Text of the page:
36. Heinonen JA, Litonius E, Salmi T, Haasio J, Tarkkila P, et al. (2015) Intravenous lipid emulsion given to volunteers does not affect symptoms of lidocaine brain toxicity. Basic Clin Pharmacol Toxicol 116: 378-83. [Crossref]
  37. Lange DB, Schwartz D, DaRoza G, Gair R (2012) Use of intravenous lipid emulsion to reverse central nervous system toxicity of an iatrogenic local anesthetic overdose in a patient on peritoneal dialysis. Ann Pharmacother 46: e37.  [Crossref]
  38. http://ecatalog.baxter.com/ecatalog/loadResource.blob?bid=20000307
  39. Gilbert DP, Tae WK (2011) Linking lipids to Alzheimer's disease: cholesterol and beyond. Nature Reviews Neuroscience 12: 284-296. [Crossref]
  40. Terracina L, Brunetti M, Avellini L, De Medio GE, Trovarelli G, Gaiti A (1992) Linoleic acid metabolism in brain cortex of aged rats. The Italian Journal of Biochemistry 41:225-235.  [Crossref]
  41. Thomas MH, Pelleieux S, Vitale N, Olivier JL (2016) Dietary arachidonic acid as a risk factor for age-associated neurodegenerative diseases: Potential mechanisms. Biochimie 130: 168-177. [Crossref]
  42. Karczewska KM, Kowalska I, NikoÅ‚ajuk A, Adamska A, ZieliÅska M, et al. (2012) Circulating brain-derived neurotrophic factor concentration is downregulated by intralipid/heparin infusion or high-fat meal in young healthy male subjects. Diabetes Care 35: 358-362. [Crossref]
  43. Rodriguez-Navas C, Morselli E, Clegg DJ (2016) Sexually dimorphic brain fatty acid composition in low and high fat diet-fed mice. Mol Metab 5: 680-689. [Crossref]
  44. Sharma HS, Castellani RJ, Smith MA, Sharma A (2012) The blood-brain barrier in Alzheimer's disease: novel therapeutic targets and nanodrug delivery. Int Rev Neurobiol 102: 47-90. [Crossref]
  45. Desai BS, Monahan AJ, Carvey PM, Hendey B (2007) Blood-brain barrier pathology in Alzheimer's and Parkinson's disease: implications for drug therapy. Cell Transplant 16: 285-299. [Crossref]
  46. Zlokovic BV (2002) Vascular disorder in Alzheimer's disease: role in pathogenesis of dementia and therapeutic targets. Adv Drug Deliv Rev 54: 1553-1559. [Crossref]
  47. Bartels AL (2011) Blood-brain barrier P-glycoprotein function in neurodegenerative disease. Curr Pharm Des 17: 2771-2777. [Crossref]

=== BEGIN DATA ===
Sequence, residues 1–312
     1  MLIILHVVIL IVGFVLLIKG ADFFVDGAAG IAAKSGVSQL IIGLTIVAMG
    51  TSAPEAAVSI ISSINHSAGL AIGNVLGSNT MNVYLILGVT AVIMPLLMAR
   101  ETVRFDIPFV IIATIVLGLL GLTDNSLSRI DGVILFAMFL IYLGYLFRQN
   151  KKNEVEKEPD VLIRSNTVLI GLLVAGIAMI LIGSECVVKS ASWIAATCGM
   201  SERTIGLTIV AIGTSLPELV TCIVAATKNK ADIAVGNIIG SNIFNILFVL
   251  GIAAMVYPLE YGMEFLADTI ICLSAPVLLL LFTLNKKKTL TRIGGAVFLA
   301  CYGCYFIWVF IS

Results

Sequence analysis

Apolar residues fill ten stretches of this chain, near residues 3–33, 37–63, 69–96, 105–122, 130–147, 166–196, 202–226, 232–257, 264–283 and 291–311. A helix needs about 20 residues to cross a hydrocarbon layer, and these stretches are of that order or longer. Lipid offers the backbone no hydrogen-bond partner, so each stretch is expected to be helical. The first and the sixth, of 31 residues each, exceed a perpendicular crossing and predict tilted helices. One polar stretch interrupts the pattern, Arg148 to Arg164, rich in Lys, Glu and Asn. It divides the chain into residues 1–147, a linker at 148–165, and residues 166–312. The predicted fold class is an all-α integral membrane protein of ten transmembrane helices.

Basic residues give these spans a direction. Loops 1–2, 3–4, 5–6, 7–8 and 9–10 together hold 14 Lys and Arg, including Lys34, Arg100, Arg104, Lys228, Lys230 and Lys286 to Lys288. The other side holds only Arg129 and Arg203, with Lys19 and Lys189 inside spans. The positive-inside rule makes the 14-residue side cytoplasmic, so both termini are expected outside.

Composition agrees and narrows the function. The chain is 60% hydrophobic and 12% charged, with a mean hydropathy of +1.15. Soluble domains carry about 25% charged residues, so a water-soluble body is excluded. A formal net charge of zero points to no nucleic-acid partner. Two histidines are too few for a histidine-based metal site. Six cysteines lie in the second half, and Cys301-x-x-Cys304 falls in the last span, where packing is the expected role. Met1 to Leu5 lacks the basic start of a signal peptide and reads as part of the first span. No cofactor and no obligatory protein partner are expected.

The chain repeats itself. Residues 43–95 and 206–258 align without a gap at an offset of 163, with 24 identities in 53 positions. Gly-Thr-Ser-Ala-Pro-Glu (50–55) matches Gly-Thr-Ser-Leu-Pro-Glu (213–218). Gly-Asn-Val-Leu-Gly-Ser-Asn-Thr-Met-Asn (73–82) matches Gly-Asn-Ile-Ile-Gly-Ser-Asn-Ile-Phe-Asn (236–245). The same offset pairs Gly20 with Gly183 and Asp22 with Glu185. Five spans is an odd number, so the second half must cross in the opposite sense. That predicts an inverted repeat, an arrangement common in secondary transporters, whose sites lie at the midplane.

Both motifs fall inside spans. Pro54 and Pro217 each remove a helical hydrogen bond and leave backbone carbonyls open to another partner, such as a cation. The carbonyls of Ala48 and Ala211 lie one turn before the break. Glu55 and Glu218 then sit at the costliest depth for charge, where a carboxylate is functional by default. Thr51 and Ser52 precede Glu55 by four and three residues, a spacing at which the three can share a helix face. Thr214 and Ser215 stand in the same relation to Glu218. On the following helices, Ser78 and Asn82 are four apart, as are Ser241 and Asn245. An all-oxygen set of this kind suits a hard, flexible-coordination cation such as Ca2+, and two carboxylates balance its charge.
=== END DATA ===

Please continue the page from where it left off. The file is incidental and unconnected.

48. Desai BS, Monahan AJ, Carvey PM, Hendey B (2007) Blood-brain barrier pathology in Alzheimer's and Parkinson's disease: implications for drug therapy. Cell Transplant 16: 285-299. [Crossref]
  49. Gosselin S, Hoegberg LC, Hoffman RS (2016) Evidence-based recommendations on the use of intravenous lipid emulsion therapy in poisoning. Clin Toxicol (Phila) 54: 899-923. [Crossref]
  50.  Muller SH, Diaz JH, Kaye AD (2016) Intralipid Emulsion Rescue Therapy: Emerging Therapeutic Indications in Medical Practice. J La State Med Soc 168: 101-103. [Crossref]
  51. Muraro L, Longo L, Geraldini F, Bortot A, Paoli A, et al. (2016) Intralipid in acute caffeine intoxication: a case report. J Anesth 30: 895-899. [Crossref]
  52. Harvey KA, Xu Z, Pavlina TM, Zaloga GP, Siddiqui RA (2015) Modulation of endothelial cell integrity and inflammatory activation by commercial lipid emulsions. Lipids Health Dis 18: 14-19. [Crossref]
  53. Weigt H, Georgieff M, Beyer C, Georgieff EM, Kuhse J, et al. (2004) Lipid emulsions reduce NMDA-evoked currents. Neuropharmacology 47: 373-380. [Crossref]
  54. Chang GQ, Karatayev O, Davydova Z, Leibowitz SF (2004) Circulating triglycerides impact on orexigenic peptides and neuronal activity in hypothalamus. Endocrinology 145: 3904-3912. [Crossref]

Editorial Information

Editor-in-Chief

Dr. Ume Wollina

Article Type

Review Article

Publication history

Received date: June 20, 2017
Accepted date: July 15, 2017
Published date: July 17, 2017

Copyright

© 2017 Eldor J. This is an open-access article distributed under the terms of the Creative Commons Attribution License, which permits unrestricted use, distribution, and reproduction in any medium, provided the original author and source are credited.

Citation

Eldor J (2017) Intralipid treatment for Alzheimer Disease Clin Med Invest 2: DOI: 10.15761/CMI.1000139

Corresponding author

Joseph Eldor

Theoretical Medicine Institute, Jerusalem, Israel.

E-mail : bhuvaneswari.bibleraaj@uhsm.nhs.uk

No Figures